O, Doamne mare

O, Doamne mare, când privesc eu lumea
Ce ai creat-o prin al Tău Cuvânt,
Și ființele ce-mpodobesc natura
Cum le-ntreții cu brațul Tău cel Sfânt…
/: Atunci Îți cânt, Măreț Stăpânitor,
Ce mare ești! Ce mare ești! :/
Privirea când mi-o-nalț și văd minunea:
Mulțimea astrelor ce-alerg pe cer,
Mărețul soare, cât și blânda lună,
Ca mingi de aur plutind prin eter…
Când întâlnesc pe Domnu-n Cartea sfântă,
Și când zăresc mulțimea de-ndurări,
Pe-ai Săi aleși cum i-a iubit întruna,
Și i-a condus prin binecuvântări…
Și-L văd pe Domnul pe pământu-acesta
Ca serv, dar plin de dragoste și har.
Zăresc în duh amara-I suferință
Și mântuirea ce mi-o dă în dar…
Când Domnul bun mă va chema la Sine
Și când voi sta uimit în fața Sa,
Eu voi striga în sfântă adorare:
„Ce mare ești, ce mare-i slava Ta!”
Compusă în 1885. S1RS2RS3RS4RS5R

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Versiunea Originală

Versiunea in limba engleză:

How great Thou Art

O Lord my God! When I in awesome wonder
Consider all the works Thy hand hath made.
I see the stars, I hear the rolling thunder,
Thy power throughout the universe displayed.

Then sings my soul, my Saviour God, to Thee;
How great Thou art, how great Thou art!
Then sings my soul, my Saviour God, to Thee:
How great Thou art, how great Thou art!

When through the woods and forest glades I wander
And hear the birds sing sweetly in the trees;
When I look down from lofty mountain grandeur
And hear the brook and feel the gentle breeze:

And when I think that God, His Son not sparing,
Sent Him to die, I scarce can take it in;
That on the cross, my burden gladly bearing,
He bled and died to take away my sin:

When Christ shall come with shout of acclamation
And take me home, what joy shall fill my heart!
Then I shall bow in humble adoration,
And there proclaim, my God, how great Thou art!

Poemul original in limba suedeză: "O store Gud"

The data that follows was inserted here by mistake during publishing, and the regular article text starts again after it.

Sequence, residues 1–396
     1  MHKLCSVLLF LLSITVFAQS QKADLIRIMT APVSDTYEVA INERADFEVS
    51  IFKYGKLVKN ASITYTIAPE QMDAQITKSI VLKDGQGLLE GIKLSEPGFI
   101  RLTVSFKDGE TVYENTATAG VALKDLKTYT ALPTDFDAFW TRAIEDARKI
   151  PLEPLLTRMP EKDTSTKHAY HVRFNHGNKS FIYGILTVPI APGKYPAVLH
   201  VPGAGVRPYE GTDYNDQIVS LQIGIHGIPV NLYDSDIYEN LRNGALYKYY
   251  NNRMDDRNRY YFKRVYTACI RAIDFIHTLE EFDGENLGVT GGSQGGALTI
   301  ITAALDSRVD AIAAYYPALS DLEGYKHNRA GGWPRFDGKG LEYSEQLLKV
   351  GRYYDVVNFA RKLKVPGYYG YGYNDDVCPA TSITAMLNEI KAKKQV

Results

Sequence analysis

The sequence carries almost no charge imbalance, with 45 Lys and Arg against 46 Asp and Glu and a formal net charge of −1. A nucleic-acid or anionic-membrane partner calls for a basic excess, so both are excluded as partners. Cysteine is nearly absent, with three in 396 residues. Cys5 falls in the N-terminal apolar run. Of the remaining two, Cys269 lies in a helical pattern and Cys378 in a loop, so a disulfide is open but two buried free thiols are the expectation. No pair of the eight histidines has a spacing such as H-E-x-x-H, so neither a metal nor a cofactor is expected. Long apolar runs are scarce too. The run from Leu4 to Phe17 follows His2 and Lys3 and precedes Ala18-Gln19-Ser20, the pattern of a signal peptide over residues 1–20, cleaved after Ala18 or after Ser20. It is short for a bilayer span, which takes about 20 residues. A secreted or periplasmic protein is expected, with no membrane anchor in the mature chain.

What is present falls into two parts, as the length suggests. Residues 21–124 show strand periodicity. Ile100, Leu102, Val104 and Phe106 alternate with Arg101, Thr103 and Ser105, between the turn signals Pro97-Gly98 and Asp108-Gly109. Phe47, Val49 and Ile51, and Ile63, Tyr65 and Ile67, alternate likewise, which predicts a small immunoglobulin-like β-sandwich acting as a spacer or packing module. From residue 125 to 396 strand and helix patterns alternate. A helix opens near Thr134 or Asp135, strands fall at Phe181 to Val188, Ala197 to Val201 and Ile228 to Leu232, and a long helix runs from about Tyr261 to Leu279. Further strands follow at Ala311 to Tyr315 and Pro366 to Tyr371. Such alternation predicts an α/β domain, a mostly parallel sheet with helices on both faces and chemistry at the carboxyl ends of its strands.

Povestea din Spate (EN)

Boberg wrote the poem "O Store Gud" (O Great God) in 1885 with nine verses.
The inspiration for the poem came when Boberg was walking home from church near Kronobäck, Sweden, and listening to church bells. A sudden awe-inspiring storm gripped Boberg’s attention, and then just as suddenly as it had made its violent entrance, it subsided to a peaceful calm which Boberg observed over Mönsterås Bay. [According to J. Irving Erickson:
Carl Boberg and some friends were returning home to Mönsterås from Kronobäck, where they had participated in an afternoon service. Nature was at its peak that radiant afternoon. Presently a thundercloud appeared on the horizon, and soon sharp lightning flashed across the sky. Strong winds swept over the meadows and billowing fields of grain. The thunder pealed in loud claps. Then rain came in cool fresh showers. In a little while the storm was over, and a rainbow appeared.
When Boberg arrived home, he opened the window and saw the bay of Mönsterås like a mirror before him… From the woods on the other side of the bay, he heard the song of a thrush…the church bells were tolling in the quiet evening. It was this series of sights, sounds, and experiences that inspired the writing of the song.